Key takeaways

  • The post pandemic customer has higher demands
  • To meet those demands you should focus on the frontline staff
  • Create true motivation instead of hollow words
  • True motivation is built upon autonomy

Customer experience is crucial to revenue. At Maze, we’ve witnessed time and time again that when our clients give more power to their frontline staff, and track in-store frontline performance, customer satisfaction goes up. And revenue follows.

The connection between revenue and satisfaction

There are many connections between customer satisfaction and revenue, and three of them are loyalty, footfall and recommendations. Survicate wrote about customer satisfaction, and claimed that it’s ”5 to 25 times more valuable to keep your customers than acquire new ones”. At the same time, our own data at Maze suggest that prior positive in-store experience is 3 to 10 times more important than advertising to ensure footfall to your store.  Also, according to Zippia, the average customer tells six people about a good customer experience. All of these factors have a great impact on sales, and revenue.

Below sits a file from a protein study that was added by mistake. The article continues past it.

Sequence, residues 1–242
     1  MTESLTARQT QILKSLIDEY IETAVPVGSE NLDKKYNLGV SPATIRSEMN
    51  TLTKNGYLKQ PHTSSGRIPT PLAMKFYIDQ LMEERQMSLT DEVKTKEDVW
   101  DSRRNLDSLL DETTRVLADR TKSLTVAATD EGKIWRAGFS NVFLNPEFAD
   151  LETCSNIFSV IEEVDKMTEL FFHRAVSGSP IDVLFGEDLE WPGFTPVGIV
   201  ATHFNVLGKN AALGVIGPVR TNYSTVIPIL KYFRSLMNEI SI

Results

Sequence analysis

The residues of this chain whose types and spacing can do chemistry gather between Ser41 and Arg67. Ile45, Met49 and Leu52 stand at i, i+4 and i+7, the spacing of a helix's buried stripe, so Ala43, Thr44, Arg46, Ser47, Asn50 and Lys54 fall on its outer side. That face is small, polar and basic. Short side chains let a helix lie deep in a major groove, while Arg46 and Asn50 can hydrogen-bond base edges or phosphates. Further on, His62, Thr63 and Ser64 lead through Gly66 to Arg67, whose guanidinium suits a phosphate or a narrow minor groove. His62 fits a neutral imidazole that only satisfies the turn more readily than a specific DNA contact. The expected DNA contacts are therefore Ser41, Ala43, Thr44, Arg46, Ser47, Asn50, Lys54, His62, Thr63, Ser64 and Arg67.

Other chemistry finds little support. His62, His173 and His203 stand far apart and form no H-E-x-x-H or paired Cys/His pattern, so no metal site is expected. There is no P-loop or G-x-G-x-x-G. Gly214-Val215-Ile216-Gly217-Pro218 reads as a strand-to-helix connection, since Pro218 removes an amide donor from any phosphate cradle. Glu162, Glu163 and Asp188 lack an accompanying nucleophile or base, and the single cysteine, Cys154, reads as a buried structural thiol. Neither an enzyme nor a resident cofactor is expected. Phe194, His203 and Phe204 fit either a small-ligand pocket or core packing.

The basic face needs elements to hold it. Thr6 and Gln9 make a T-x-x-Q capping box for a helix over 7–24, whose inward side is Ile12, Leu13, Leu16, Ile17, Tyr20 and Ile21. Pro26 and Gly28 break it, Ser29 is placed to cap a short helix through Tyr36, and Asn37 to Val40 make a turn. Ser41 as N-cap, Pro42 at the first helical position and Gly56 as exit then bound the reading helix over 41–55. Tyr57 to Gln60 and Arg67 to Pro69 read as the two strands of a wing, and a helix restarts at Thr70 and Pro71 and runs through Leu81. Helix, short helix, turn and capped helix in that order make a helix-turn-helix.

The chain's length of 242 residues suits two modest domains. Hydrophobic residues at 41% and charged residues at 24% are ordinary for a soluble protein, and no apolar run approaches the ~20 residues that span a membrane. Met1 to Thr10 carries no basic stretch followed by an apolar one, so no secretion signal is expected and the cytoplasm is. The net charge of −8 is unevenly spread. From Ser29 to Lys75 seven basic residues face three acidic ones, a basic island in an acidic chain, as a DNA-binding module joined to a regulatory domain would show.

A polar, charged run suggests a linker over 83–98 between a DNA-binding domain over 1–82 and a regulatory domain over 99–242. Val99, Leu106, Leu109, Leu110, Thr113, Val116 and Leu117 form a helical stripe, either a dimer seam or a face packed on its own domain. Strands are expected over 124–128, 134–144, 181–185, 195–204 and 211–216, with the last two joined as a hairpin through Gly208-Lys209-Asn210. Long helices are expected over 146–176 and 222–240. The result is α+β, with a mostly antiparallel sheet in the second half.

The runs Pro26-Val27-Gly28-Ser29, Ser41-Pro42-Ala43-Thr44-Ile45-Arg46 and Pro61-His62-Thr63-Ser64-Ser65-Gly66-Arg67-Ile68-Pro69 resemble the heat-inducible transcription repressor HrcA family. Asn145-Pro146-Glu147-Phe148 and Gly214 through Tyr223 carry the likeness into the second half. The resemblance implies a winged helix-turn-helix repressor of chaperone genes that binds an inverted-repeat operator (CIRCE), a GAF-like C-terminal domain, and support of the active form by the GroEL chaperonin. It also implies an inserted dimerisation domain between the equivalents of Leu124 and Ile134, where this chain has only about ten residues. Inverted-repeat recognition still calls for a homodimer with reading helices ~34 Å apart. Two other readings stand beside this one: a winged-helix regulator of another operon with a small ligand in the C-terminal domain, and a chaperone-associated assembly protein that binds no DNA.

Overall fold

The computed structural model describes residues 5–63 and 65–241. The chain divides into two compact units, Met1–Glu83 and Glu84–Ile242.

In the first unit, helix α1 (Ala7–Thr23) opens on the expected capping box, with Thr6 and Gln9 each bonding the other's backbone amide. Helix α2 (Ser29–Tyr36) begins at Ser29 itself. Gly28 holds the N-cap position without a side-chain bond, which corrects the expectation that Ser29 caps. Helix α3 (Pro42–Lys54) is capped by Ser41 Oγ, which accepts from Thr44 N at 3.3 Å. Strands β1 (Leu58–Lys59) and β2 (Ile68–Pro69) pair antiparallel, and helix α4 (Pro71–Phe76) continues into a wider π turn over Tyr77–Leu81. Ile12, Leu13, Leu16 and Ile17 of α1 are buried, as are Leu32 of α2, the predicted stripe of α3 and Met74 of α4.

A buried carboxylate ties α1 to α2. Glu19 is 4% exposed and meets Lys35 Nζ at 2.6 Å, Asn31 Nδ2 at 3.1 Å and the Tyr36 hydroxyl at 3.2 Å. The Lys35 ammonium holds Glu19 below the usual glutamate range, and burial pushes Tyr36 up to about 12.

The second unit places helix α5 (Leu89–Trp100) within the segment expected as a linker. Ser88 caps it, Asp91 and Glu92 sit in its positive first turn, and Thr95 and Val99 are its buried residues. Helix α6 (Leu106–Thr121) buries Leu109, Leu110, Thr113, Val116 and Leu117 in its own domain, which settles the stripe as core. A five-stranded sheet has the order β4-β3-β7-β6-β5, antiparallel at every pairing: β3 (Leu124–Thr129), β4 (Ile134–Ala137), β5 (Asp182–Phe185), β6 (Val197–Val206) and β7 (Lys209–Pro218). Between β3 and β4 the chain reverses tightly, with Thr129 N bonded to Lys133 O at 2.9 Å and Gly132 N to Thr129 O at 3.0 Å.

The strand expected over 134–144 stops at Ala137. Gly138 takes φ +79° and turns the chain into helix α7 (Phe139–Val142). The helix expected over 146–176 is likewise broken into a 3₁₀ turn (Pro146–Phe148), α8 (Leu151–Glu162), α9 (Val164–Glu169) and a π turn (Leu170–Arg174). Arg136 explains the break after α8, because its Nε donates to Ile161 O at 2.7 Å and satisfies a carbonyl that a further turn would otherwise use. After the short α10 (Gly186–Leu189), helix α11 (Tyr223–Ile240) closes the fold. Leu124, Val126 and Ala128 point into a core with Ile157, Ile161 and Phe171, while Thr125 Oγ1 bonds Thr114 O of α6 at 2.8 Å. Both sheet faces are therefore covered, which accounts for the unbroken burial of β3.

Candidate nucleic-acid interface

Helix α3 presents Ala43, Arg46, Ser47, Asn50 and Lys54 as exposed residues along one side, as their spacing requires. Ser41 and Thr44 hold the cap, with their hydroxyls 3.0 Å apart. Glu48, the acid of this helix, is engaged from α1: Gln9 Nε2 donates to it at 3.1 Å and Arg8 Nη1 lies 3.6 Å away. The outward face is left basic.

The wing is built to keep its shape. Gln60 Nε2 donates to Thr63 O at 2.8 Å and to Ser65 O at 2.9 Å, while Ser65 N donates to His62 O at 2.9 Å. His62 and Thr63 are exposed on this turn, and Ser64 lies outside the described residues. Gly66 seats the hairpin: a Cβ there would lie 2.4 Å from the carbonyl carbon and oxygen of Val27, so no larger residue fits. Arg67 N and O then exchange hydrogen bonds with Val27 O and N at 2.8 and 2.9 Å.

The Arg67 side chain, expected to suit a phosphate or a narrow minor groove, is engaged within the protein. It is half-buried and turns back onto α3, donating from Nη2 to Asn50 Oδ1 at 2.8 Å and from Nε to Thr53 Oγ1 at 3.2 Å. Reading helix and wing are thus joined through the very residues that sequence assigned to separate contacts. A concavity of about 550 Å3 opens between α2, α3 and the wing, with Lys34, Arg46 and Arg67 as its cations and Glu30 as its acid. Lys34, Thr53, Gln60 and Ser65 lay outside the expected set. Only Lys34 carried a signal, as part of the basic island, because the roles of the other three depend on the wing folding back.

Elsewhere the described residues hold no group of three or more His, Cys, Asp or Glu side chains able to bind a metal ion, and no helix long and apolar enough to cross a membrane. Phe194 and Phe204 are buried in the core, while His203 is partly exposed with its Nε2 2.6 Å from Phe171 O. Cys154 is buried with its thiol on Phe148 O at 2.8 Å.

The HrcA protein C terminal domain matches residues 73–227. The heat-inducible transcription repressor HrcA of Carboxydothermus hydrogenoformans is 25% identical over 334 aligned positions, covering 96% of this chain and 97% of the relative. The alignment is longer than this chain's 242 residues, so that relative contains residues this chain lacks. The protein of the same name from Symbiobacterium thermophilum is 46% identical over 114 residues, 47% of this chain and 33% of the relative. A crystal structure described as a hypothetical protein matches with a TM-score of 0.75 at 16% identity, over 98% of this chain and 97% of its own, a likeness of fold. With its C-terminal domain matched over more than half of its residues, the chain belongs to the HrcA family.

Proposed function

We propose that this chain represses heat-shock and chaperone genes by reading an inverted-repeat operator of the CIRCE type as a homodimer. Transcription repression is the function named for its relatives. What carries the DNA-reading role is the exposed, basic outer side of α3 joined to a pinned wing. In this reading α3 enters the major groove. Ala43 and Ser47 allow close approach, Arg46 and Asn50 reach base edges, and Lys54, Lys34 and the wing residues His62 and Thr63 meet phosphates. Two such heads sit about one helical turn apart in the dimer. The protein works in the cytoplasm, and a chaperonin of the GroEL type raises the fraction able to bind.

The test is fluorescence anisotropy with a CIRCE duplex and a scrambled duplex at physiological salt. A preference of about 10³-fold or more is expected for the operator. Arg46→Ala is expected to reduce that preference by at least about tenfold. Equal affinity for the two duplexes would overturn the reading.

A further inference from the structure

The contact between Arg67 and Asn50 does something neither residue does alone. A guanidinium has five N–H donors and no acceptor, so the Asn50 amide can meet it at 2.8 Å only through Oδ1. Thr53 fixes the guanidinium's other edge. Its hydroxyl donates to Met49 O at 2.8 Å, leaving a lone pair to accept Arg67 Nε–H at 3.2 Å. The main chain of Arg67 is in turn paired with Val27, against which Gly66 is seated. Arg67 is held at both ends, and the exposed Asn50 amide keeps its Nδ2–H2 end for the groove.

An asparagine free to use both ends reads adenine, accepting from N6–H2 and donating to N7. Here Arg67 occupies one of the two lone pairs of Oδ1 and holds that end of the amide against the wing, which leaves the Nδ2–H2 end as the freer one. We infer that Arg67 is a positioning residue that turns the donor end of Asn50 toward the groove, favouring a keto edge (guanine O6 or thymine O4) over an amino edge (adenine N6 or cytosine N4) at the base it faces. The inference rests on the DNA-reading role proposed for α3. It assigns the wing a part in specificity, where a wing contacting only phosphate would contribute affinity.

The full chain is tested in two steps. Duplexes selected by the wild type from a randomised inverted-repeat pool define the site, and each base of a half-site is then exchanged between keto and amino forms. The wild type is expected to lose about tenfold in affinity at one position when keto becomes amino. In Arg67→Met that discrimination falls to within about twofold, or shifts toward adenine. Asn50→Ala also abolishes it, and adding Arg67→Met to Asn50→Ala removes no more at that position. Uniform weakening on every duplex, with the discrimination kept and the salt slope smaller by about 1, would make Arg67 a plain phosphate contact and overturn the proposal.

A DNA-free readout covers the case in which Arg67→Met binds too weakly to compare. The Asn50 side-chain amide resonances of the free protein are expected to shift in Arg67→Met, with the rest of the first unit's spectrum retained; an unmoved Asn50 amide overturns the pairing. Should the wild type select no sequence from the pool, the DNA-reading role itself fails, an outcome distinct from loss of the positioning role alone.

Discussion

But to reach high levels of customer satisfaction, you need true motivation. You can’t just tell the frontline team what to do. The team has to feel eager to do it. The motivation should come from the inside, not the outside.

The secret behind true motivation

Steve Rose, PhD and academic researcher, described that motivation works ”through a dopaminergic neural process whereby our brains reward us when we carry out a task that meets our internal human need for a sense of autonomy, competence, relatedness, or basic survival needs such as food, safety, or relief from pain.”

It’s the ”autonomy” and ”competence” parts that are interesting to us. When you let your frontline staff take ownership and responsibility for the customer experience, with autonomy, their motivation will improve. As it does, so does the customer satisfaction. The process itself is organic, and lives on its own without external forces.

Think about it. How many times do you think your customers will meet your CEO? Or your CMO? Or any ”C” or ”O”? Probably never. The most direct link you will ever have to your customers is the frontline staff. That is where the customer experience is created. Not in a boardroom, or in meetings, or in excel. So let your frontline team have the power.

We hope to see you at Retail Week Live in London in March. There you can listen to Espen Karlsen, CEO of Jernia, who will talk more about ”Game-changing customer experience in a post-pandemic world”. And much more. Check out this site for more information about everything we have planned for the event.

Steve Rose